Head of Texas A&M IBT Earns Coveted Award from Sigma Xi
Sigma Xi Awards “Outstanding Distinguished Scientist of the Year” to Dr. Cheryl Walker
Cheryl Walker, Ph.D., director of the Texas A&M Health Science Center (TAMHSC) Institute of Biosciences and Technology (IBT) was named Outstanding Distinguished Scientist of the Year by Sigma Xi at its 2015 annual ceremony on April 28.
The Texas A&M University Chapter of Sigma Xi, the research honor society at Texas A&M University, awarded its top honor to Walker, citing her dedication to the advancement of science and ability to establish a thriving collegial and supportive scientific environment.
“Dr. Walker is a dynamic leader and enthusiastic colleague, who is motivated by achieving the highest level of scientific discovery for the benefit of others,” said Brett P. Giroir, M.D., CEO of Texas A&M Health Science Center. “She is absolutely unique in her unbridled determination to find common ground, forge new collaborations, and go far beyond what are even the loftiest of expectations. I can think of no one more deserving of this award than Dr. Walker.”
As the Director of the Texas A&M IBT, she has advanced the research environment across the university. Her notable achievements include leading Texas A&M’s National Institutes of Health (NIH) National Center of Excellence in Environmental Health Science known as the Center for Translational Environmental Health Research (CTEHR), bringing the TAMHSC into the Gulf Coast Consortium; being the first person in the TAMHSC to obtain Chancellor’s Research Initiative funding to support the creation of a “Field-to-Clinic” initiative in disease prevention; shepherding the development of two centers of research excellence in which faculty from across the Texas A&M System now participate; and successfully establishing Texas A&M as the Texas RESTORE Act Center for gulf health research.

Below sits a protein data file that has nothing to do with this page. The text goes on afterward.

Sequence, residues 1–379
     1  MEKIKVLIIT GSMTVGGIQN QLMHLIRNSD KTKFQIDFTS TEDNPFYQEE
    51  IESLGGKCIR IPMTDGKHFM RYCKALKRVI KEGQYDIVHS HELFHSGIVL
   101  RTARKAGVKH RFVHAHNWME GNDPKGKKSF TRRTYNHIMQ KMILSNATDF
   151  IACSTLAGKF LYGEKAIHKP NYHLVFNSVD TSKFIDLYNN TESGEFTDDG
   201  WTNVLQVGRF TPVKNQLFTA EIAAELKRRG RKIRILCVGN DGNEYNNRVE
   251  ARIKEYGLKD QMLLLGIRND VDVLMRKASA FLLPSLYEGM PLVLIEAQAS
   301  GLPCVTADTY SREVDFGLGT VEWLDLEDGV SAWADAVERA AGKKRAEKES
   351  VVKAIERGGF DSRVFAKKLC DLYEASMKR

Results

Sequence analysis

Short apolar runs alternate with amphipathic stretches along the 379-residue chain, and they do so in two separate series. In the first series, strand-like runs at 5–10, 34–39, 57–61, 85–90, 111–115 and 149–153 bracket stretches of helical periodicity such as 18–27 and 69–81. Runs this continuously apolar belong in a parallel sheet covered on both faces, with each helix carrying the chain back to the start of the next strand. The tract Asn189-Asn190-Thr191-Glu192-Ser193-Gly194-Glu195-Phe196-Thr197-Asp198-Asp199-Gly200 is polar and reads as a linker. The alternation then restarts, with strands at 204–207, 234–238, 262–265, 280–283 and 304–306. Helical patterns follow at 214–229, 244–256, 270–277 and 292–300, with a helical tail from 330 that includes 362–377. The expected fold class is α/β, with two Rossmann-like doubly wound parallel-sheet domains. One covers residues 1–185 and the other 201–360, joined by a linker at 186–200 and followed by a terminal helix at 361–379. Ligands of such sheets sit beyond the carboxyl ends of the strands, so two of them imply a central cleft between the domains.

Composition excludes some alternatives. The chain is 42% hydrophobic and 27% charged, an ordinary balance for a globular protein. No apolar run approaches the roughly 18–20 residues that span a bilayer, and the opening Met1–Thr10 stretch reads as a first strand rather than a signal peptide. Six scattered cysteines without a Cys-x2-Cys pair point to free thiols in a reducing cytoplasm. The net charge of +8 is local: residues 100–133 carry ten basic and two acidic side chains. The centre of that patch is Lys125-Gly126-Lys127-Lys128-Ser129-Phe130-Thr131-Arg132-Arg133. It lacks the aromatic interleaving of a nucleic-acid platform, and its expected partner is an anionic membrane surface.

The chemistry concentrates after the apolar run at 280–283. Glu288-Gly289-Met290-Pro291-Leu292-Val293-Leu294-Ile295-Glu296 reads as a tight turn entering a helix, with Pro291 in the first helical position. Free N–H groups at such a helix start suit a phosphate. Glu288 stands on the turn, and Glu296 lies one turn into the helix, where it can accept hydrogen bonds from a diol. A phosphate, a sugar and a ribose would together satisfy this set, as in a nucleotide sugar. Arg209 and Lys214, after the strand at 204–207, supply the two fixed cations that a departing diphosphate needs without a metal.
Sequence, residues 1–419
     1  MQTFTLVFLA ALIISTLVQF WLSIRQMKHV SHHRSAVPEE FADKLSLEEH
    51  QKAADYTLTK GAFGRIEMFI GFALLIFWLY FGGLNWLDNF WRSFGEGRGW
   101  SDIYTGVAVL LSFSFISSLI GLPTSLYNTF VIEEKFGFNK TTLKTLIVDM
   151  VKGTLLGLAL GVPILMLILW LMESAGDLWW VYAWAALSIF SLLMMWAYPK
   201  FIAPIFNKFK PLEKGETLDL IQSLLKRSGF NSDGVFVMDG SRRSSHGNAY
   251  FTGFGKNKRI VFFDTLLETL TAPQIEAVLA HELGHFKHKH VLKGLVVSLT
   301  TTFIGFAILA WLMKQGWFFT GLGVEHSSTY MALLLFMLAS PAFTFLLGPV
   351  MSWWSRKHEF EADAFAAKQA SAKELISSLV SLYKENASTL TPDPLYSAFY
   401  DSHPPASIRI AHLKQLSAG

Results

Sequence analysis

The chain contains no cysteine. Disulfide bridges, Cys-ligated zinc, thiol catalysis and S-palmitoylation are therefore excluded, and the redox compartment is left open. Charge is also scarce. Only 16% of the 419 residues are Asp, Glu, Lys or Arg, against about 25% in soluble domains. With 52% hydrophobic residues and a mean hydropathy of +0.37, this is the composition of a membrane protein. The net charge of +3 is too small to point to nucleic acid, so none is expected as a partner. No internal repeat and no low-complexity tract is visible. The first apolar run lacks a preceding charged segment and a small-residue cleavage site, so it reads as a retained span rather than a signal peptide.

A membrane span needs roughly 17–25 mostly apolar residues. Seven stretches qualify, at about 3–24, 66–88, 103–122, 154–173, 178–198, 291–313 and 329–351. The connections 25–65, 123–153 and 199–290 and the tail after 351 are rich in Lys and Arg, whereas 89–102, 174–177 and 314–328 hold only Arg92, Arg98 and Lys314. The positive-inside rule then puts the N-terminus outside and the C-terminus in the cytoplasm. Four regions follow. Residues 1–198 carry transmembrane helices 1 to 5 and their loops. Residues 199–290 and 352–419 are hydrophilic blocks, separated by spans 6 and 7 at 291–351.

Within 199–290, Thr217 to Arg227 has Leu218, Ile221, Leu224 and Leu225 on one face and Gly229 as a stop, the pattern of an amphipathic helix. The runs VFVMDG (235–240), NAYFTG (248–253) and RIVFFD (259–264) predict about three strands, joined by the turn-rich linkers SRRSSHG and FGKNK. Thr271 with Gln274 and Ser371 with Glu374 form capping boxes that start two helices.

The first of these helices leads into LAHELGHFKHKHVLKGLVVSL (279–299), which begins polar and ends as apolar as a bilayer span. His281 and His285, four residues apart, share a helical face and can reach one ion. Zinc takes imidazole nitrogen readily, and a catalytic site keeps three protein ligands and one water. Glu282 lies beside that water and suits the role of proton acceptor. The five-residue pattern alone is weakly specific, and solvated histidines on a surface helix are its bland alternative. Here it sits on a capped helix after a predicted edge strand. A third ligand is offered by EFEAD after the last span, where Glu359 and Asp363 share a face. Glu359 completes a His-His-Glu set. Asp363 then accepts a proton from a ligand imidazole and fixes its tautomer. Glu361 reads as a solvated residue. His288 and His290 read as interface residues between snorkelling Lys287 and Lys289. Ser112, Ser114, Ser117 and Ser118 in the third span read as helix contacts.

Dr. Walker has a Ph.D. in cell biology from The University of Texas Health Science Center Southwestern Medical School in Dallas. Her research is in the genetics and epigenetics of cancer, and has garnered substantial recognition, including the 2010 Cozzarelli Prize for Biological Sciences from the National Academy of Sciences and the Dallas/Fort Worth Living Legend Achievement Award in Basic Research. Walker is a past-president of both the 7,000-member Society of Toxicology and Women in Cancer Research of the American Association for Cancer Research, and is an elected member of the Academy of Toxicological Sciences and Fellow of the American Association for the Advancement of Science.